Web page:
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Fiber-optic cables installed in sewers are well protected from damage caused by earthquakes, fires, lightning, violent winds and flooding. They can therefore ensure stable and accurate communication of information even at the time of such disastrous events. In addition, since already existing sewers are used, it is possible to construct communication networks in a short period of time. Recognizing these advantages, many municipal governments in Japan, mainly in large cities, have routed fiber-optic cables through sewers, their total length reaching some 1,000 km as of the end of fiscal 2001. In the City of Nagoya, the Waterworks & Sewerage Bureau began to install fiber-optic cables in sewers in fiscal 1999, for the remote control of stormwater pumping stations. The total installed cable length is approximately 50 km as of the end of fiscal 2003.

At present, these in-sewer fiber-optic cables are also used for the Storm Drainage Information System, which can provide the Headquarters with real-time information about the operation status of each stormwater pump. This system enables operators to grasp various kinds of information, such as pump operation status, emergency deployment status and river water levels, in real time.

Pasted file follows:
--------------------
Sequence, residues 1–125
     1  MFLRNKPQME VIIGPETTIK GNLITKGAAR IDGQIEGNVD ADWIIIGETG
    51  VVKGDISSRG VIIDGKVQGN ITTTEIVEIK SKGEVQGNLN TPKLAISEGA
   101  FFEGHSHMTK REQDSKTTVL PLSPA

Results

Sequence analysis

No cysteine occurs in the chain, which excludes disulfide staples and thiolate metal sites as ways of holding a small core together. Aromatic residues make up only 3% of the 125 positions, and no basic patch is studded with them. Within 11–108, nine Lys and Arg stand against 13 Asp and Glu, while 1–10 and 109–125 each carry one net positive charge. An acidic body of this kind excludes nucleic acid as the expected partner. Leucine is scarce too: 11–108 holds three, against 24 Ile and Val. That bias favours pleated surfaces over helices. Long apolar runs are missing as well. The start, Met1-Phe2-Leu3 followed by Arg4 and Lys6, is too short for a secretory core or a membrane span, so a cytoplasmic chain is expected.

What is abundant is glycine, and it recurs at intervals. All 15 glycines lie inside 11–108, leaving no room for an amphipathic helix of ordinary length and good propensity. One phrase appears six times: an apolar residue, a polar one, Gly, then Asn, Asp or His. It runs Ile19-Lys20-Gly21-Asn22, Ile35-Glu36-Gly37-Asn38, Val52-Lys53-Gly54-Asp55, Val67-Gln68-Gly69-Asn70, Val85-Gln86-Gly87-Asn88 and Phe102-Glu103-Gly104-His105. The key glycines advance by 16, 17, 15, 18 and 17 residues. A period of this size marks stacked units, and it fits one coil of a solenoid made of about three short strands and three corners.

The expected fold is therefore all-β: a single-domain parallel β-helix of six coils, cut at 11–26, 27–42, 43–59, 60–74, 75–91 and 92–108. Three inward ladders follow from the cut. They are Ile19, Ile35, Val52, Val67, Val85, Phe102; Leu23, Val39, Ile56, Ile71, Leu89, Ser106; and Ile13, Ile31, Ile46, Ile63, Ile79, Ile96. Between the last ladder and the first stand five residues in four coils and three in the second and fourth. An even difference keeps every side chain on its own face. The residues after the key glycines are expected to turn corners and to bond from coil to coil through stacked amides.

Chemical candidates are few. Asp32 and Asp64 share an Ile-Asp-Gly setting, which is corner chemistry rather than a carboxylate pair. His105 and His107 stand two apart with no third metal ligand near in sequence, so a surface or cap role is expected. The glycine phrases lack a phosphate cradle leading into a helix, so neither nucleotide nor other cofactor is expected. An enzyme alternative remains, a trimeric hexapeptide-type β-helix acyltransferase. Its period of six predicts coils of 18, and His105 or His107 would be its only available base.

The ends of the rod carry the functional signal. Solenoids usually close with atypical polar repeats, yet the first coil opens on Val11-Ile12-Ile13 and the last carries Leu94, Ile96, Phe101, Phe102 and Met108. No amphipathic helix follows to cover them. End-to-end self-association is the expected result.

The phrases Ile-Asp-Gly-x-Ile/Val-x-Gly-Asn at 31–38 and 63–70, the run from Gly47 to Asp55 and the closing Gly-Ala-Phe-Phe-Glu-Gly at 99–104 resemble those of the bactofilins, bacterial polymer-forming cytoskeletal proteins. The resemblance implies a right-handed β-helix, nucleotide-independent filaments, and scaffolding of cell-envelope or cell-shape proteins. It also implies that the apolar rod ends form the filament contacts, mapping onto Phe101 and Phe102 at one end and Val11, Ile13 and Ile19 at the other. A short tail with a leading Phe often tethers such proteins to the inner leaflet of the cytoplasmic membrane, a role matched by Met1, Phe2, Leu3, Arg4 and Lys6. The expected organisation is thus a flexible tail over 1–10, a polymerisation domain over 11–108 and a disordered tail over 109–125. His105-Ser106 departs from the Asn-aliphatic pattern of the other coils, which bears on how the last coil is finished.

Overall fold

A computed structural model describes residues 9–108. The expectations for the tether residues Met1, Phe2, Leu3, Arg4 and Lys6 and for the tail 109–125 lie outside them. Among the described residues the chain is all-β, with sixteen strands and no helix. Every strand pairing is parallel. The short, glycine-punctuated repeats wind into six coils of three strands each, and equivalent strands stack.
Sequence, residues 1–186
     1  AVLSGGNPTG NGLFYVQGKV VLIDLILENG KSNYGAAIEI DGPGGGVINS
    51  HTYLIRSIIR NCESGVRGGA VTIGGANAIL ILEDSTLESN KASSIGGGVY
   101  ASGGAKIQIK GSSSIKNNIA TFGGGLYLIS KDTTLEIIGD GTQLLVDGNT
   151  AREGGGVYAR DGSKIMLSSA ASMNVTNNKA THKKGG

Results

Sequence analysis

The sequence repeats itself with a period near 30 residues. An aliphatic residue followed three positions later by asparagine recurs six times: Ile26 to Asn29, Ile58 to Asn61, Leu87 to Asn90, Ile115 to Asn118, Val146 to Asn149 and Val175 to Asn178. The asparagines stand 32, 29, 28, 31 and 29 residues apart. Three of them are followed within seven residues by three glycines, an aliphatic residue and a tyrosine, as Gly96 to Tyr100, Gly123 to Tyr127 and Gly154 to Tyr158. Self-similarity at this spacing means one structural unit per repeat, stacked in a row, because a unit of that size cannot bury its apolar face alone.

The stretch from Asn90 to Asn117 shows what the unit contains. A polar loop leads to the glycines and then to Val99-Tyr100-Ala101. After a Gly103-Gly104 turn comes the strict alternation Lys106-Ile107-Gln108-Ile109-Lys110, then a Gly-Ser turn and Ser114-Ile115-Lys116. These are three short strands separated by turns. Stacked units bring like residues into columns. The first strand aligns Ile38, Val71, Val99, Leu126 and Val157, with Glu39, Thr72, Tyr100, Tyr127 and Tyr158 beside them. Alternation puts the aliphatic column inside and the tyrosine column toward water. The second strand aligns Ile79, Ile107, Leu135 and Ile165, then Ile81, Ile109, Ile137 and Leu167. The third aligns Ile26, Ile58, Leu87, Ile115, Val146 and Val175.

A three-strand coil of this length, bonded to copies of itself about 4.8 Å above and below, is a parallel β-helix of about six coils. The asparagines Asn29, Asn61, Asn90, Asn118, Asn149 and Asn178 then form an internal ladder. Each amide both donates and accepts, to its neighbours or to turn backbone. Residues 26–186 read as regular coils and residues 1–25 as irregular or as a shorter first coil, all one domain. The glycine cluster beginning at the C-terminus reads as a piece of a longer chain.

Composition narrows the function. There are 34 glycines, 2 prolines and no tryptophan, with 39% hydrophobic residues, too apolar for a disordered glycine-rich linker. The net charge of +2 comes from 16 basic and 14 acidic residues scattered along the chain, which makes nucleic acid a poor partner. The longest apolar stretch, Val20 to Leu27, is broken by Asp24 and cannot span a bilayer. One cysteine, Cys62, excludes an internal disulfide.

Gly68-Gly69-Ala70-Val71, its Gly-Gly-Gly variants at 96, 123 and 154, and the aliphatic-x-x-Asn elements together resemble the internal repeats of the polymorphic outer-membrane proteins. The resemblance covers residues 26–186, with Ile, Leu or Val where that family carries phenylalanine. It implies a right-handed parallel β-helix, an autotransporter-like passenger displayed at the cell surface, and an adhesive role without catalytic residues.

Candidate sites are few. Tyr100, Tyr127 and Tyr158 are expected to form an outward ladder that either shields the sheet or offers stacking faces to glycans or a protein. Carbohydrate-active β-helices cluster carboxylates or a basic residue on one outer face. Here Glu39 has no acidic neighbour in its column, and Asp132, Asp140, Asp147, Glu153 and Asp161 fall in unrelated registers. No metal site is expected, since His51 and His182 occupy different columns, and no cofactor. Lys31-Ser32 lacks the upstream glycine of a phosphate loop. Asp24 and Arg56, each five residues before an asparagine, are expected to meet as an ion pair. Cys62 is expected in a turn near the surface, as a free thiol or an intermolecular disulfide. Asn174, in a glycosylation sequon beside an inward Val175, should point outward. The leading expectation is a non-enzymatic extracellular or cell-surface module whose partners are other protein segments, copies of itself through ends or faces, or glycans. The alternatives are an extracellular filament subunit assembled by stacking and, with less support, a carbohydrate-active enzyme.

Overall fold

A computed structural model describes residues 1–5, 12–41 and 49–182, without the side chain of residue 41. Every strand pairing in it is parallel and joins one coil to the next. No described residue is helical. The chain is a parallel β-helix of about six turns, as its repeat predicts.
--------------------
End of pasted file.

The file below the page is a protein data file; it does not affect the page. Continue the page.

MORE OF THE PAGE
Recognizing the superior data-transmission capabilities of fiber-optic cable, such as large capacity and high speed, the Waterworks & Sewerage Bureau is also proceeding with utilizing in-sewer fiber optical networks for the Bureau's budget and settlement management system, as well as for the office intranet. In an attempt to computerize administrative services, the Nagoya municipal government is now engaged in constructing an administrative information network which connects the city hall with each ward office using the optical fiber networks in sewers in conjunction with those installed along subway rail tracks.
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Document Type: Research Article

Publication date: 01 January 2003

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